Firstly, the finding is based on the presumption of the existence of a pre-installation bias, wherein users who find apps pre-installed on their devices are likely to “stick to them”. Similar findings were made by the EC in its case against Android, wherein it found that such practices adopted by Google reduced the incentives of manufacturers to pre-install competing apps. Further, such practices ensure an inherent disadvantage to the rival app developers. This is because to gain a competitive share in the market, the rival app developers would not only have to ensure that their apps are better than the ones pre-installed on the devices, but would have to ensure that their apps are so superior in quality to overcome the status quo bias in the consumers’ behavior.[i]

On the other hand, it must also be taken into account that the market for apps and services are categorized by the existence of ‘multi-homing’, which essentially means that the use of one mobile application does not foreclose the user from downloading and using other competing apps simultaneously. The pertinence of this issue is further illustrated by the fact that in Microsoft v. Commission, the landmark case where status quo bias was first used to determine antitrust violations, one of the major factors that swayed the EC in declaring Microsoft’s pre-installation obligations as anti-competitive was the fact that it was particularly inconvenient for the consumers to install other applications on their Windows PCs. However, in the case of smartphones, users can easily install competing applications on their devices in a matter of seconds.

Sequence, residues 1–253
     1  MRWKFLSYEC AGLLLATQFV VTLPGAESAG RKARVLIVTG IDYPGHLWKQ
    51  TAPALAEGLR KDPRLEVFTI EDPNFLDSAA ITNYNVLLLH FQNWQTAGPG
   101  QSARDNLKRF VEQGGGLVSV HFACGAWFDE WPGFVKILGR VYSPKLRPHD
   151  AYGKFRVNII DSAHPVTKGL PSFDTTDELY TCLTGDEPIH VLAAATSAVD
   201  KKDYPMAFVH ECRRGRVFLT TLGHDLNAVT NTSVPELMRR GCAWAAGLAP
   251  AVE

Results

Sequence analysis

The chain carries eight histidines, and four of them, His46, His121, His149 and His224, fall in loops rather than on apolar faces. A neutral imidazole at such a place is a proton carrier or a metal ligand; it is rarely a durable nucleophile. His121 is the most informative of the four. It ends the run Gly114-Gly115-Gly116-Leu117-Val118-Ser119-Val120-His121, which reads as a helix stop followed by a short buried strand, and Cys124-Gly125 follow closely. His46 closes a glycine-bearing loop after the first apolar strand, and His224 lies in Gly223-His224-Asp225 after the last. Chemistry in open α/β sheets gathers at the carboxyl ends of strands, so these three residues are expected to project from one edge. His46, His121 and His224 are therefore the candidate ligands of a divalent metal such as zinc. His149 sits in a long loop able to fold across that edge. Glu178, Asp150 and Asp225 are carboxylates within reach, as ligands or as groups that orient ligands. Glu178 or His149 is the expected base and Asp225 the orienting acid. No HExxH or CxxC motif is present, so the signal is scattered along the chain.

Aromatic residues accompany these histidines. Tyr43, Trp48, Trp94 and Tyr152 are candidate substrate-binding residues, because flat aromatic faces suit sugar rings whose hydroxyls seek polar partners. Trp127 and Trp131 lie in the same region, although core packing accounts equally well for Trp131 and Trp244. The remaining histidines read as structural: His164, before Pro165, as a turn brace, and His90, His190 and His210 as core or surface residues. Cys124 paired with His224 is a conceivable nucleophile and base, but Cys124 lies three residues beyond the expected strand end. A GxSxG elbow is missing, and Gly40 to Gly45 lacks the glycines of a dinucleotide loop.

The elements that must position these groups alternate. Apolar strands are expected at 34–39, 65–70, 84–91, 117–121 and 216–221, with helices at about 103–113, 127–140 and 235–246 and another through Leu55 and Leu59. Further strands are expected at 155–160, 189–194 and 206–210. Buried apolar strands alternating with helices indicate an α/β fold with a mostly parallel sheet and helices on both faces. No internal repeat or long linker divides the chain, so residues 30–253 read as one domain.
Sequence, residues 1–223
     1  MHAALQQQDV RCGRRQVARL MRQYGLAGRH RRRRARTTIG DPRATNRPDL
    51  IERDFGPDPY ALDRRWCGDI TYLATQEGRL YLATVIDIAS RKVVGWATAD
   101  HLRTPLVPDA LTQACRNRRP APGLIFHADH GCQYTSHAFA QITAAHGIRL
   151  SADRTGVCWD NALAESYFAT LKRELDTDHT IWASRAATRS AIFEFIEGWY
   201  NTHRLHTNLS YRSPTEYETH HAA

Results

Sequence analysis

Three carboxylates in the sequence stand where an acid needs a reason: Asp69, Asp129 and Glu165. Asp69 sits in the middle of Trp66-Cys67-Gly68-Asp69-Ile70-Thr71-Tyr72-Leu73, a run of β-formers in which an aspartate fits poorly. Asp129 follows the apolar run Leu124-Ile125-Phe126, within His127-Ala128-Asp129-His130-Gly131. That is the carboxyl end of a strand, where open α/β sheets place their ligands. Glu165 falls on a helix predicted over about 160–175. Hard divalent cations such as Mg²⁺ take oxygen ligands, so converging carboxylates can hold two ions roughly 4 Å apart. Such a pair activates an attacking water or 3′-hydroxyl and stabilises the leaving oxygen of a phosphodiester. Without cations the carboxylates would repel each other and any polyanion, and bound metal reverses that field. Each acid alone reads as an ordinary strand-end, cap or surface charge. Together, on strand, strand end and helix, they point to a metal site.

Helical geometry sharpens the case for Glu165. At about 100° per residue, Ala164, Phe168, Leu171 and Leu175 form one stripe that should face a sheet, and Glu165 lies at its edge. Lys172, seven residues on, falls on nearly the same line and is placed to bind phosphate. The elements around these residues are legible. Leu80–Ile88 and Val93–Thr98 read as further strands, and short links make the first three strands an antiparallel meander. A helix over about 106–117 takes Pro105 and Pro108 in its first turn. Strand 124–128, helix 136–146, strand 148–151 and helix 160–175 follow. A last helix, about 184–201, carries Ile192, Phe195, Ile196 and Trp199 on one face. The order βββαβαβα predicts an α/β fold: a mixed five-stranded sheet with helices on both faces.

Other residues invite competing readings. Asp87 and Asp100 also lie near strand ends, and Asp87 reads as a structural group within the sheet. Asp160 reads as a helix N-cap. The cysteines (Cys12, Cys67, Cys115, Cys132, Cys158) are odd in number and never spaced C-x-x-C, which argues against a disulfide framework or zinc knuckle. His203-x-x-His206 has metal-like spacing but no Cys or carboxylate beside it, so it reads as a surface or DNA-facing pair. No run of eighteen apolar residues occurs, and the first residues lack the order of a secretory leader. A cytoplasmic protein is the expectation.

Thus, any determination on the issue would require detailed economic studies to be conducted by the CCI. For instance, the EC in the Android case had conducted a study wherein it found that in Android devices, 95% of the search queries were made through Google Search. On the other hand, in Windows Mobile devices which come pre-installed with Window’s Bing, more than 75% of the search queries were made through it. The CCI would have to conduct similar studies to ascertain whether the ability to easily download competing apps offsets the commercial advantages of pre-installation in India.

The Objective Justification of Fragmentation